Filling out your profile and using LinkedIn’s built-in tools helps you look at your experience and skills in different ways than just the typical, static resume. This also helps show YOU off more than just a clinical listing of your employment history. Companies want to hire a person, not a bulleted list.
LinkedIn is free, widely respected, and as a job seeker, you can easily find people in the industry and company of your choice. Can we say no-brainer?
4. Network, network, and did I mention “network?”
There is a little bit of “work” in “network,” but it also uses a free, highly portable skill: Communicating.
Don’t just gather contacts and stop there. These are people, not numbers. As Ed Han says, build in time to maintain your presence in your network, and give back: Respect your connections’ time and value as you reach out.
What would you want to hear or read? Be genuinely interested in their career, livelihood, and interests. Take a moment to pass on an article in their field or just wish them a good day.
5. Throw a wake.
Yes, you read that right: Give yourself a party.
When I sent out my “Come to my wake” email, people told me they were so glad I was doing this, because they wanted to do something for me, they just hadn’t known what!
If you’re not the organizer, make sure you have input into who is invited–and by “who” I mean “everyone you possibly can.” Even if you get walked out the same day, get someone on the inside to arrange a farewell get-together for another day.
You may think that the last thing you want to do is go to a party, but look at it this way: This is another chance to cement your bonds with the people you’ve been working with all this time. You want people to see you as a viable, trustworthy human being worthy of continued employment.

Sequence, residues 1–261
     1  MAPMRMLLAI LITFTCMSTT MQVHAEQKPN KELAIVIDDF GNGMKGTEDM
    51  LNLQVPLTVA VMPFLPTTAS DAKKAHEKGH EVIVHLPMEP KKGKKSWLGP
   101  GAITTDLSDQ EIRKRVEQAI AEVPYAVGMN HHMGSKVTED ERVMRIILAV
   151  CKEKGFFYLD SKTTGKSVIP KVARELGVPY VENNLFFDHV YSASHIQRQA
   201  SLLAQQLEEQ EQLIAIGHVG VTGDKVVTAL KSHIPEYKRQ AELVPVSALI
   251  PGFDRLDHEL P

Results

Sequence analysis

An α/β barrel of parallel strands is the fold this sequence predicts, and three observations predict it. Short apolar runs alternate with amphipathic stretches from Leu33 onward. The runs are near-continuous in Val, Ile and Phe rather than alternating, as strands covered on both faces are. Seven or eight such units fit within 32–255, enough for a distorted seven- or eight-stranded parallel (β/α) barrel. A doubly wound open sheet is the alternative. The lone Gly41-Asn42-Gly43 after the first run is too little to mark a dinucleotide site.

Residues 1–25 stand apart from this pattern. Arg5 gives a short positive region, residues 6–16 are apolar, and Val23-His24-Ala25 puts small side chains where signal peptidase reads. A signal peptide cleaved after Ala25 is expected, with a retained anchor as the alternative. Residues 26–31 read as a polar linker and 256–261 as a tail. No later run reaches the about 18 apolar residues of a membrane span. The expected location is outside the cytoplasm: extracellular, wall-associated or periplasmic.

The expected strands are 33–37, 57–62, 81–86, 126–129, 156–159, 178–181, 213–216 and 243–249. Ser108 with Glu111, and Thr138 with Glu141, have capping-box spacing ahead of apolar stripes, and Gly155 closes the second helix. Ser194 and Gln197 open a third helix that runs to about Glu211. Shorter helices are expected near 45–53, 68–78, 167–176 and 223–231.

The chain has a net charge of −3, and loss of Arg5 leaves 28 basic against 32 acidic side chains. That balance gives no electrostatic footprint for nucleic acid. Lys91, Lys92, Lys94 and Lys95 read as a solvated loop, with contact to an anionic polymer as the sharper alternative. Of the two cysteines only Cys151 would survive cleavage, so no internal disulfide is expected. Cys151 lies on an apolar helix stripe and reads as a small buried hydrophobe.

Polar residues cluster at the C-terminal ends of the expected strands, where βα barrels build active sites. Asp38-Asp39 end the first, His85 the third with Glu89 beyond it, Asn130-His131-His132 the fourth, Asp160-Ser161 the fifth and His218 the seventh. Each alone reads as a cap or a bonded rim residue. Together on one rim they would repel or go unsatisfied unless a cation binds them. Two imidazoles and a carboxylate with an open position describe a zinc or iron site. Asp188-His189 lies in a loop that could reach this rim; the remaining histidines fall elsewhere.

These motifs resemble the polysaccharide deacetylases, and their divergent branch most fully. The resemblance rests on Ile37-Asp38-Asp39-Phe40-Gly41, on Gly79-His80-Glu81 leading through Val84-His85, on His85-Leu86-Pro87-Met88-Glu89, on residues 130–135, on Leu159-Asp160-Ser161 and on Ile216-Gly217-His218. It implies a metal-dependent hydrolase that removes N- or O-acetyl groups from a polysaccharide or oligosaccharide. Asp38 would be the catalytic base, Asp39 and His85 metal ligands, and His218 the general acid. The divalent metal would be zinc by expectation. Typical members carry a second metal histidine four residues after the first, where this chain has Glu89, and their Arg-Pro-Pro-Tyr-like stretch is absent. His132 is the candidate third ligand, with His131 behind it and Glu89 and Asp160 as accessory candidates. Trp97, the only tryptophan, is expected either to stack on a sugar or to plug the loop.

So use the time to:
- Exchange contact information
- Tell people what you are looking for
- Make concrete plans to keep in touch, meet for lunch next Tuesday, get together for dinner in a couple weeks.
You want people to see you as a viable, trustworthy human being worthy of continued employment. Now is not the time to burst into tears, dance on the bar or match the CEO drink for drink. Unless he’s in the habit of writing job-getting references with a bottle of Scotch as his companion.
If nothing else, remember this: You may have lost a job, but you did not lose one iota of your skills, knowledge, and experience.
There will always be time to wallow with friends and comforts of your choice. There will not always be time to gather the resources you need when they’re available.
Staying focused on your career not only keeps your mind occupied, but also keeps you moving in the right direction.
And, hopefully, by the time you do get around to wallowing, you won’t want to anymore.
If you’ve been let go from a job, what did you do to keep moving forward?
Just a Few LinkedIn Best Practices by Ed Han
Just a Few More LinkedIn Best Practices by Ed Han
Networking strategies by Donna Svei/AvidCareerist
You’re Fired: How to Handle a Termination
Quantify Accomplishments: Numbers Have Meaning
*I actually like ramen noodles, despite existing on them to a sad extreme in college.
**I’d later learn this wasn’t the last time this would happen to me, and that repetition wouldn’t make me feel any less reduced.